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Working away from home/office

When you’re away from your home/work computer and using your laptop, email yourself the document you’re working on. Also, save it on your laptop’s internal hard drive and on your flash drive. A good general rule is that you should never keep extremely sensitive data on your laptop. Keep it on your flash drive and in the cloud. We take several USB sticks with us on holiday – and keep them in our bag for safekeeping. Flash drives are very inexpensive, so buy and use several. We bought 3 branded 8gb flash dives for under $20.

Should I encrypt my hard drives?

Encrypting your computer or hard drive is not required for most purposes. Encryption is only necessary for extremely sensitive data – like your patient’s medical records. When you encrypt a backup, you add unnecessary complexity to a process designed to simplify and preserve quick access to your information. With this added complexity, the likelihood of a problem increases. Therefore, the possibility of losing access to your backed up data increases. Do yourself a favor and make sure you understand when and why you might need to encrypt your backups, and consider how to ensure you have access to your encryption password when it matters most. Data encryption costs you too much time, money and trouble.

What computer data should I back up?

At a minimum, you must back up everything except software applications. All the data required to run your business must be copied. Most software is easy to replace and generally not too expensive.

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What about our websites, blogs, mailing lists and online publications?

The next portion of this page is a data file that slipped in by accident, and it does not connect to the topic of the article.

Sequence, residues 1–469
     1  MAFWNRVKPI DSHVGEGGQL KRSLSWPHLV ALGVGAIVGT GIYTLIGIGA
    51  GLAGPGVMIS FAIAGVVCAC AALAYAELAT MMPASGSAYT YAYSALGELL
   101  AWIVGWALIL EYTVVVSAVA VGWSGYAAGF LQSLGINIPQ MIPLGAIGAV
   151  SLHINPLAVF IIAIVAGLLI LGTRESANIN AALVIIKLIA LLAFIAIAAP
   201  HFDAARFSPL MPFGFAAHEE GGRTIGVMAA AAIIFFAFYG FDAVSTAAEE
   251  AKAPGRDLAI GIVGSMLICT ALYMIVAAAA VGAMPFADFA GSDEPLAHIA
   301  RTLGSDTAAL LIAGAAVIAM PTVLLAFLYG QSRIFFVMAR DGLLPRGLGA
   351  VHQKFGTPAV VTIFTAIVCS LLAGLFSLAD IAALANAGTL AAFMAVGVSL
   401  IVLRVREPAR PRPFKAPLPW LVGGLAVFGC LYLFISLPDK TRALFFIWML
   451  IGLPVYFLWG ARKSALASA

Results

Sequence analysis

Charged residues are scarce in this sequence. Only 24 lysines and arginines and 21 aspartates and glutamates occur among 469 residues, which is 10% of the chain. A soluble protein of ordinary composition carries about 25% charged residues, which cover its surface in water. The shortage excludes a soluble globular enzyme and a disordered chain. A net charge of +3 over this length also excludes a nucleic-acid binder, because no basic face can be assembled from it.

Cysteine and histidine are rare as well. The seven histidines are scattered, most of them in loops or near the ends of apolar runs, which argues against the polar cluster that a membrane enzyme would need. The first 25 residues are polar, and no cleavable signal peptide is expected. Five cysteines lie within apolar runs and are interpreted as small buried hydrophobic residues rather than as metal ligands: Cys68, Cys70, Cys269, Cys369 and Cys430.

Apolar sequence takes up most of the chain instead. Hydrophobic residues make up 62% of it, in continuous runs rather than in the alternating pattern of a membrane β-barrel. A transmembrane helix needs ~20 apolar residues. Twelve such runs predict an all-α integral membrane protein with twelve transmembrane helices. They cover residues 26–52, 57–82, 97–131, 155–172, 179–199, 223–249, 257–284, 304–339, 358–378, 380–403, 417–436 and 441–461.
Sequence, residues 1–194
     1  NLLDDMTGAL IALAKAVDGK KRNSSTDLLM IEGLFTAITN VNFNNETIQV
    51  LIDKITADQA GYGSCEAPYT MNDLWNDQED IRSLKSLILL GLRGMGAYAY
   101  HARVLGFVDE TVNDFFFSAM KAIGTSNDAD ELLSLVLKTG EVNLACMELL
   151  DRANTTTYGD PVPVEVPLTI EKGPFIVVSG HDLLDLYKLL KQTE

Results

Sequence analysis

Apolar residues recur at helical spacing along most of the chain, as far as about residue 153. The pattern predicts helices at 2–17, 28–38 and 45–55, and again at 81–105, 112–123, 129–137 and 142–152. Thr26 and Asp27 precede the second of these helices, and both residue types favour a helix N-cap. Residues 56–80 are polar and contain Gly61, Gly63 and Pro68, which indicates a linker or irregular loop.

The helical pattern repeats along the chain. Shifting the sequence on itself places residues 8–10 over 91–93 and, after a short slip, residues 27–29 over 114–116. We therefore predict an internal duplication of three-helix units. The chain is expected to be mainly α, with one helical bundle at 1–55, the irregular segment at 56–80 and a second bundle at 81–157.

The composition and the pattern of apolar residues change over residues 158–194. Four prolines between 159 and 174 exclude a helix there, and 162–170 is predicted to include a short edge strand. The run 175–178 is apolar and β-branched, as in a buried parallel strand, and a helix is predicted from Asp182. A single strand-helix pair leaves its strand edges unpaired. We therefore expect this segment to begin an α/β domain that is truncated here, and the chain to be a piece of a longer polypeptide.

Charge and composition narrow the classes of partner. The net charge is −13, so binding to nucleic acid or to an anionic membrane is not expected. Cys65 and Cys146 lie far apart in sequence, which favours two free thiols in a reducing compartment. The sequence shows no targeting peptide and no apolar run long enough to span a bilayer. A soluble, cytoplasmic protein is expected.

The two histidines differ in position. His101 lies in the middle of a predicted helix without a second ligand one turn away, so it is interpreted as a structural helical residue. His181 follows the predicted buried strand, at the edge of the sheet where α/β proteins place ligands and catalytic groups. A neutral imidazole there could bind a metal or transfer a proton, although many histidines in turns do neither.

All of these are absolutely necessary to keep your self-publishing business running and thriving. Fortunately, each of them already has a built-in backup. We keep multiple backup copies on multiple hard drives here in our office and also in the cloud. All of our websites and blogs are also secured by the hosting company. Our hosting company will also email us a backup copy. Our mailing lists are maintained by an online mailing list company. The list can be easily downloaded from the mailing list company. We also keep a copy of it on our computers and hard drives. All of our online publications (e-books and e-documents) also have full copies from the companies that sell our publications.


By having a simple backup plan that uses both online backup and multiple external hard drives, you give yourself foolproof security in the event that your computer’s hard drive crashes or your system is ruined by a fire or flood. Don’t risk losing your important files forever when you can avoid this mess quickly and inexpensively with a triple backup plan. And never forget: Don’t completely rely on one method of the other. Internal hard drives, external hard drives, and flash drives can fail. Even your cloud storage company can fail – it can go broke, get hacked, or its software on your computer can fail.